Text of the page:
…Who permitted the other matters mentioned in Shulchan Aruch 560 as forbidden due to mourning after the churban?… For all this is not practiced at all, and song on the radio, in any case one can rely on the approach of Rashi and Tosafot in Gittin, that it's only [prohibited] in a house of drink…and in Hagahot Mordechai at the beginning of Gittin, it is prohibited specifically at a drinking feast without eating, for that is the manner of the non-Jews, but at a feast with eating it is permissible … But if sometimes a woman’s voice is heard, or songs of desire and love, this is certainly prohibited and we need to be careful. And there is another major reason to permit, since at the time of the decree to forbid song due to mourning, there was not yet radio, so the decree does not apply to radio… for one cannot see the singer at all, and they come from far away through scientific innovation, which is considered a new entity that is not included in the decree…
Rav Breisch notes that many practices of mourning the churban have fallen out of practice, and people now sing more freely than they had previously. The ban on song over wine, however, seems still to apply to drinking that is not accompanied by a meal, or to song with suggestive content. These two restrictions remain firmly in place today, independent of current laxity with mourning practices.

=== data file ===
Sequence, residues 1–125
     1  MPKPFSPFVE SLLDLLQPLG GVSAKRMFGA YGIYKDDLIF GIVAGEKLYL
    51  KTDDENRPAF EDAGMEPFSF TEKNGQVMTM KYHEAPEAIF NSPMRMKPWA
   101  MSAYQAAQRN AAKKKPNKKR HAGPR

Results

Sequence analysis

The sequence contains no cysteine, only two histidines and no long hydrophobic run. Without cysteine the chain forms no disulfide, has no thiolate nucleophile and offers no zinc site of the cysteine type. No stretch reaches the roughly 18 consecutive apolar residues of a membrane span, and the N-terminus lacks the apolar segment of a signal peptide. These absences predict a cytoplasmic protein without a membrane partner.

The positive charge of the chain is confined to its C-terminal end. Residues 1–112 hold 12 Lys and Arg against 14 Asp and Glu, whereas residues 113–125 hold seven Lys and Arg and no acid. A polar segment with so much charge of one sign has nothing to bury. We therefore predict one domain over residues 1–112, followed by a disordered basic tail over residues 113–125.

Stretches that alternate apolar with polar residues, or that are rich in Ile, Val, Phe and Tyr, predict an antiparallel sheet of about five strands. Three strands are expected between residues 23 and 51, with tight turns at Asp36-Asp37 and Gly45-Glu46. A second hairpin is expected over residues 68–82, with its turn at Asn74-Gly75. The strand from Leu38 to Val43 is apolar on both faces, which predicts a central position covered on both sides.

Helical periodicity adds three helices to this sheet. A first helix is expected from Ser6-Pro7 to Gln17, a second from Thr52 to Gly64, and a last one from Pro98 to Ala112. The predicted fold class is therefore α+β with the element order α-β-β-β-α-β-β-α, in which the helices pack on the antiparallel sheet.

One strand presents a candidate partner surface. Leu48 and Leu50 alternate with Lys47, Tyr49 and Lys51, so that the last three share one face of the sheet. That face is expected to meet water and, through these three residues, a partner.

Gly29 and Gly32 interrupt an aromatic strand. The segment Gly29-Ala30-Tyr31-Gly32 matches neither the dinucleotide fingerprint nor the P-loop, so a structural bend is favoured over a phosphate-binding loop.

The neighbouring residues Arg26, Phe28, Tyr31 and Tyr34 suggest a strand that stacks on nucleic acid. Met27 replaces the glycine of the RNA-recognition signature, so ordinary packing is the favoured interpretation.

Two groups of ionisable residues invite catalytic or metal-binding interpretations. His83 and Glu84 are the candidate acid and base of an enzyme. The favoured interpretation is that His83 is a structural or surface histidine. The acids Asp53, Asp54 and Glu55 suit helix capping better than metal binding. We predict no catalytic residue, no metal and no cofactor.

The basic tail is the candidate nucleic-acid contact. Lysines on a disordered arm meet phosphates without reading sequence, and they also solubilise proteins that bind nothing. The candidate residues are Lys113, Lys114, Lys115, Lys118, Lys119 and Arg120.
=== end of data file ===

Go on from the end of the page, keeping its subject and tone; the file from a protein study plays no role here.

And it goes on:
In his responsum, Rav Breisch adds a new distinction between types of music. He explains that music on the radio is unlike live music, because of the distance between the music maker and the listener, and because our sages did not take the radio into consideration when making their decrees. This distinction should logically apply to other forms of recorded or electrically transmitted music.
Rav Breisch slips into his description yet another factor that he considers crucial, namely whether the voice singing on the radio is 'kol isha," the voice of a woman. Let's turn our attention now to exploring why that would be at issue and see how the discussions of context, content, and purpose regarding song in general relate to kol isha.
How can we relate to halachic limitations on music?
With the exception of concerns about kol isha and specific periods of personal or national mourning, accepted practice seems to be to listen to music, singing, and playing instruments without any particular halachic constraints or feelings of discomfort.
Indeed, many of the halachic practices associated with mourning the churban have fallen out of practice, with some degree of halachic sanction. In recent years, the explosion of technologies for producing and distributing music have made listening to music more and more a part of the average person's daily life.
Even so, treating kol isha as the only possible religious consideration involved in listening to music does a disservice to women and to Halacha. The halachot and customs that express reservations about music, especially music lacking tzeniut, raise broader questions that merit serious consideration.